Last edited: Apr 10, 2007
  15. Apr 10, 2007 #14


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    Prof. t'Hooft in particular has published several papers in recent years proposing exactly this. They are available in the ArXiv.

    I take the point about statistical mechanics not being probablistic in the same way as QM.

    The De Broglie-Bohm theory of quantum motion does not have probability amplitudes but relies on an 'ensemble' interpretation. The indeterminacy comes from our inability to know the initial conditions for any single partcle.
  16. Apr 14, 2007 #15
    What physics is not of random origin?

    What known physical phenomena could not exist in a random, infinite universe?
  17. Apr 14, 2007 #16


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    If you mean by "random" a universe that has no rules, or at least has rules that are malleable and can change with time and/or location, you can safely exclude the observation of a universe that is homogeneous or isotropic. Since the universe looks pretty much the same no matter where we look (in direction and look-back time), we can assume that the universe has a very simple set of rules that hold everywhere.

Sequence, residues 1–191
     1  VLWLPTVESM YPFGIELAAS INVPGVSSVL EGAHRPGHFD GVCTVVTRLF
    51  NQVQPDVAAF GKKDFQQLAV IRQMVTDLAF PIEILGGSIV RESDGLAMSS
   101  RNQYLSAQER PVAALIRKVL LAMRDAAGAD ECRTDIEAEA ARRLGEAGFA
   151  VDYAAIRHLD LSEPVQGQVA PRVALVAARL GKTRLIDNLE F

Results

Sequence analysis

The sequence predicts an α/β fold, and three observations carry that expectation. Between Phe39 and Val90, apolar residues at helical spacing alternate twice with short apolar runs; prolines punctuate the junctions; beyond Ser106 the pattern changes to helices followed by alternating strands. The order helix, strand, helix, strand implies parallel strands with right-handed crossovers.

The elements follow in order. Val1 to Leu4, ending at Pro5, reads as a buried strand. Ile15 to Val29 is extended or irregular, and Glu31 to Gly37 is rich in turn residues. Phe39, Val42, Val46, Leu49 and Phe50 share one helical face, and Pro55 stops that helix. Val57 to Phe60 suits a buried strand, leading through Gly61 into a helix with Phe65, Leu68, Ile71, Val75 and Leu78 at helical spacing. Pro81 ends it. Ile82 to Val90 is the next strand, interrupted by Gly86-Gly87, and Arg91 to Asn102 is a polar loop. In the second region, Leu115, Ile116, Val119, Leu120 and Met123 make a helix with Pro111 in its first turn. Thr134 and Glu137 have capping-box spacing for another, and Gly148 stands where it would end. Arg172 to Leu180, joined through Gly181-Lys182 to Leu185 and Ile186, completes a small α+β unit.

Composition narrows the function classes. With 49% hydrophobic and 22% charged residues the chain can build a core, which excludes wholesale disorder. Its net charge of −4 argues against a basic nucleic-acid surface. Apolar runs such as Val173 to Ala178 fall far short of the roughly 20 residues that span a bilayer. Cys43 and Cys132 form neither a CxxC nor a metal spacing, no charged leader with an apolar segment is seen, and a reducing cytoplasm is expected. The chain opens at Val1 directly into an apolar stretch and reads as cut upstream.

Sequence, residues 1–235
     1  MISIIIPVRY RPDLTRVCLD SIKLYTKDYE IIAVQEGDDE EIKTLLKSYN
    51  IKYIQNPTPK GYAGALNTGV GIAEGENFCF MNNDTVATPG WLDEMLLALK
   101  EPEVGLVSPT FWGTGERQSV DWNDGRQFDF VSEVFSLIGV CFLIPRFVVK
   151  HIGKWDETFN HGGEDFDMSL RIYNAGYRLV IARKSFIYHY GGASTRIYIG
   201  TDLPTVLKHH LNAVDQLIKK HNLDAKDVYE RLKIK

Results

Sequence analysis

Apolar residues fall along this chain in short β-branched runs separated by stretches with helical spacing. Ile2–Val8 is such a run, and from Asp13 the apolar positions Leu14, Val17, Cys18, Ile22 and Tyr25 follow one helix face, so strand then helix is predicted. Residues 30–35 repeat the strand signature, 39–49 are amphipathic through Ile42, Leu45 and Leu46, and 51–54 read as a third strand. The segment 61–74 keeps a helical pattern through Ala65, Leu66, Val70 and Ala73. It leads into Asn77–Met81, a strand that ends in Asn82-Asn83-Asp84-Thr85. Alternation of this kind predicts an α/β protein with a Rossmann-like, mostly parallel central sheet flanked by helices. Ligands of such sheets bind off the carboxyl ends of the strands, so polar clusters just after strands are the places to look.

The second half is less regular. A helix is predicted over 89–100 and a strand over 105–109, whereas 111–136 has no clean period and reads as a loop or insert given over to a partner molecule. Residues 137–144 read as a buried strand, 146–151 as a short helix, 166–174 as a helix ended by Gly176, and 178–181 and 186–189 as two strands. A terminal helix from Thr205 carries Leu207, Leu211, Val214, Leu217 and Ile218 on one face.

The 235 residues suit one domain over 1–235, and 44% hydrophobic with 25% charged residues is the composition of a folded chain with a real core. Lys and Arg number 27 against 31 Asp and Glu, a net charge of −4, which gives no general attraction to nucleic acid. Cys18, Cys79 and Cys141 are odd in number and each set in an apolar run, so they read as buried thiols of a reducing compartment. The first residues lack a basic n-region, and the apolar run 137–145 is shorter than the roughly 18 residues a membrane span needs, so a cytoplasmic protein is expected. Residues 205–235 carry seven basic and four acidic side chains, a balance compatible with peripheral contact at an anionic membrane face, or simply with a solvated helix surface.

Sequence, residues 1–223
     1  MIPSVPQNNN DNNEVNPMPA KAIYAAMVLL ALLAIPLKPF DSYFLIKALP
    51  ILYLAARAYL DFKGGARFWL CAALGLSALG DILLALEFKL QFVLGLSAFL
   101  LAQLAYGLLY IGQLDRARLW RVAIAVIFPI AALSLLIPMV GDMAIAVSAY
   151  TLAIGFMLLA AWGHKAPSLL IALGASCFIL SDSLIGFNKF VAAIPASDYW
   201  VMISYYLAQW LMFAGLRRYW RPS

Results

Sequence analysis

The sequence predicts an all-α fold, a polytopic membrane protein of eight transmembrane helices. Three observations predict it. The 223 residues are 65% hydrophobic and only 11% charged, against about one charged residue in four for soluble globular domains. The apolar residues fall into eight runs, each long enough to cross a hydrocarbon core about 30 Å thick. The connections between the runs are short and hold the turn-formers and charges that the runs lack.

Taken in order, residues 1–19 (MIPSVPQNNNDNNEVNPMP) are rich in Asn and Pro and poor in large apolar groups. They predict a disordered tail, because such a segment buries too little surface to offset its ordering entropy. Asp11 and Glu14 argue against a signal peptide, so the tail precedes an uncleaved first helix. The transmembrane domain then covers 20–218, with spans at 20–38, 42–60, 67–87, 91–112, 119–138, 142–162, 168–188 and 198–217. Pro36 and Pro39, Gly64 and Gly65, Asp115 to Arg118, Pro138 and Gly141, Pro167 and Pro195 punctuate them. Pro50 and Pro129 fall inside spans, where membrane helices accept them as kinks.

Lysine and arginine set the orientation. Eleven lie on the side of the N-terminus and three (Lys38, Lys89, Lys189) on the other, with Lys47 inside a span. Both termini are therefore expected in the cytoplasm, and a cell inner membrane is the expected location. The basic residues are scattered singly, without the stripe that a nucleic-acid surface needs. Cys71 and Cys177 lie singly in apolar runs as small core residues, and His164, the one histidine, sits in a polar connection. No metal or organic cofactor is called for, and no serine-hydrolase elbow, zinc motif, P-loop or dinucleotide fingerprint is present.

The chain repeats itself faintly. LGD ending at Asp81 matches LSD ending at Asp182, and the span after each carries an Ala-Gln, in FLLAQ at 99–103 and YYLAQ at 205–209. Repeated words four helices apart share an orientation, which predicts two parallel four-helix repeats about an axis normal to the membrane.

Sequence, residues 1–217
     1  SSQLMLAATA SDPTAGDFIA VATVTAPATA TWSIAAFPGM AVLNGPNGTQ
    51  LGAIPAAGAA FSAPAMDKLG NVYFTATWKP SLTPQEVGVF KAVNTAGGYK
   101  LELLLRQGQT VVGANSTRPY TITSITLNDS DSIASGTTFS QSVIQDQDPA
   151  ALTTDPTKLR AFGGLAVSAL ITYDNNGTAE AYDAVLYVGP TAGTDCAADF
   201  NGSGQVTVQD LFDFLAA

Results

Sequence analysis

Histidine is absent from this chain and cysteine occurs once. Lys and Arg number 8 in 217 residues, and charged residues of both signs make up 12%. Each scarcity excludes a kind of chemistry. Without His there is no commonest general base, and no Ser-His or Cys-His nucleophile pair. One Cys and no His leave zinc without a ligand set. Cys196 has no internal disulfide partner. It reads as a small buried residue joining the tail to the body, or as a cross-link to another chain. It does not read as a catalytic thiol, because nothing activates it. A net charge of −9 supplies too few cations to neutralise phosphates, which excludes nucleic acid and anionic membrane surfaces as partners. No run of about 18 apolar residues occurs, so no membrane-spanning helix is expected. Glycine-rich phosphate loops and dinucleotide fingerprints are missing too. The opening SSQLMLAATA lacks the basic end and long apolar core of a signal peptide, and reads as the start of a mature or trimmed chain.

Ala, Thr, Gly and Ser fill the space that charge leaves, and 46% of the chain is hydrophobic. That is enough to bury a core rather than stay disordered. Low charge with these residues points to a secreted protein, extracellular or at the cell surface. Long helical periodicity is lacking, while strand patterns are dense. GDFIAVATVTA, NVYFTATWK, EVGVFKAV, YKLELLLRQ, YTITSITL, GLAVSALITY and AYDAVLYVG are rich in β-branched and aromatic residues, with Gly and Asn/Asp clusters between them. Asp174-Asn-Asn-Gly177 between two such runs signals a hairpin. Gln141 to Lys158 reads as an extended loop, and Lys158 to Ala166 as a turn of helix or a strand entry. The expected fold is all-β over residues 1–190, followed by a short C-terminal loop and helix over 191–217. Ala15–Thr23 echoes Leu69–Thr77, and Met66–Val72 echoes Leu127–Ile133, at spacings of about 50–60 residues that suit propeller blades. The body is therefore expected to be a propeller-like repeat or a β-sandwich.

18. Apr 14, 2007 #17


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    We humans frequently encounter situations in which the outcome cannot be accurately predicted, and to our antecedents it could be a matter of survival to make the best choice. We have evolved a language and a set of concepts to deal with what we call randomness, indeterminacy, probability and so on. It would be a mistake to jump to the conclusion from this experience that the universe was not deterministic.
    We can't be sure on the existing evidence, can we ?
  19. Apr 15, 2007 #18
    That's not the only evidence we're basing this on, unless you're only talking about classical physics, in which case I completely agree with you.

    If you are referring to quantum mechanics as well, see post #10.
  20. Apr 15, 2007 #19


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    Please see post #11.
  21. Apr 16, 2007 #20
    Nobody,asked would "quantum physics not exist without probability".
    Classical physics would exists without probability but some of its important parts (like thermodinamics) would be severely cripled I think.